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Clinical utility and patient perspectives on the use of extended half-life rFIXFc in the management of hemophilia B

Authors Miguelino M, Powell J

Received 10 May 2014

Accepted for publication 18 June 2014

Published 8 August 2014 Volume 2014:8 Pages 1073—1083

DOI https://doi.org/10.2147/PPA.S54951

Checked for plagiarism Yes

Review by Single-blind

Peer reviewer comments 2


Maricel G Miguelino, Jerry S Powell

Division of Hematology and Oncology, University of California Davis Medical Center, Sacramento, CA, USA

Abstract: Hemophilia B is an X-linked genetic disease caused by mutation of the gene for coagulation protein factor IX (FIX), with an incidence of approximately once every 30,000 male births in all populations and ethnic groups. When severe, the disease leads to spontaneous life threatening bleeding episodes. When untreated, most patients die from bleeding complications before 25 years of age. Current therapy requires frequent intravenous infusions of therapeutic recombinant or plasma-derived protein concentrates containing FIX. Most patients administer the infusions at home every few days, and must limit their physical activities to avoid abnormal bleeding when the FIX activity levels are below normal. After completing the pivotal Phase III clinical trial, a new therapeutic FIX preparation that has been engineered for an extended half-life in circulation, received regulatory approval in March 2014 in Canada and the US. This new FIX represents a major therapeutic advance for patients with hemophilia B. The half-life is prolonged due to fusion of the native FIX molecule with the normal constant region of immunoglobulin G. This fusion molecule then follows the normal immunoglobulin recirculation pathways through endothelial cells, resulting in prolonged times in circulation. In the clinical trials, over 150 patients successfully used eftrenonacog alfa regularly for more than 1 year to prevent spontaneous bleeding, to successfully treat any bleeding episodes, and to provide effective coagulation for major surgery. All infusions were well tolerated and effective, with no inhibitors detected and no safety concerns. This promising therapy should allow patients to use fewer infusions to maintain appropriate FIX activity levels in all clinical settings.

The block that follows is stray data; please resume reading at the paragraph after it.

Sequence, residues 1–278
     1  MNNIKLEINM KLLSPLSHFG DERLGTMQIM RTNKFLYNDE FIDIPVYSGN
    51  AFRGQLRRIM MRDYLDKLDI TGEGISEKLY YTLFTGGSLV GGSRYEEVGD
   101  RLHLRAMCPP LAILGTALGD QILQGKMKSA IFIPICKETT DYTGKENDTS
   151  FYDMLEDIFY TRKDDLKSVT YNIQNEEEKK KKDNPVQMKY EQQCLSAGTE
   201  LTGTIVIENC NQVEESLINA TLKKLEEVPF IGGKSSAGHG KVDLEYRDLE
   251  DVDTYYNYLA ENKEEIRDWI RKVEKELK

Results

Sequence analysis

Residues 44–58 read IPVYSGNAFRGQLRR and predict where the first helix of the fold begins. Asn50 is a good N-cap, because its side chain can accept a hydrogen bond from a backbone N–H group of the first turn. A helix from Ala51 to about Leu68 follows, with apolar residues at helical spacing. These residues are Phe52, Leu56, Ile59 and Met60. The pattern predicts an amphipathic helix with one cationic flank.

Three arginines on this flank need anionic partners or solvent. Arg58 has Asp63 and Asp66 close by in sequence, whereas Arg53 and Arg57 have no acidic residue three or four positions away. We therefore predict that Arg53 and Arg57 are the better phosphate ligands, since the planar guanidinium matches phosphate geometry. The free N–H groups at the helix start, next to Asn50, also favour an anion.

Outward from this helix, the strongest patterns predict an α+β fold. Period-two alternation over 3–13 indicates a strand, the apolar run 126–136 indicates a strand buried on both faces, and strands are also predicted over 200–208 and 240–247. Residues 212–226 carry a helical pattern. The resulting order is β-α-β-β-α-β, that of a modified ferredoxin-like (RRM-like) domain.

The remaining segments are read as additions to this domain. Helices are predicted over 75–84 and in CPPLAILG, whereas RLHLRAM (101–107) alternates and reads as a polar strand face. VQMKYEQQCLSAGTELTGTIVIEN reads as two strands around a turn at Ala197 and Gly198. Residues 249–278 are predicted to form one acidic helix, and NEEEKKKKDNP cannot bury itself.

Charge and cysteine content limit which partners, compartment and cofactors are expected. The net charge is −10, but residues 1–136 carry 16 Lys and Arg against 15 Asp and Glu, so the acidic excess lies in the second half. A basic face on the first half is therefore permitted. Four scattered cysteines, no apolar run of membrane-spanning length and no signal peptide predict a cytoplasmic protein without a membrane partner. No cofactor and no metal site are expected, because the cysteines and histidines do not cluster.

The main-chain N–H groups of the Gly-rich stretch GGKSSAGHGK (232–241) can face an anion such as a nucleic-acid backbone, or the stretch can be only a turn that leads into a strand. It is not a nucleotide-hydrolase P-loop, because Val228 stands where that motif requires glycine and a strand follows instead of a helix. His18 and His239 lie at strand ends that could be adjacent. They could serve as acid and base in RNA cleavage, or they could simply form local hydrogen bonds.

Keywords: factor IX, hemophilia B, prophylaxis, genetic coagulation defects, extended half-life

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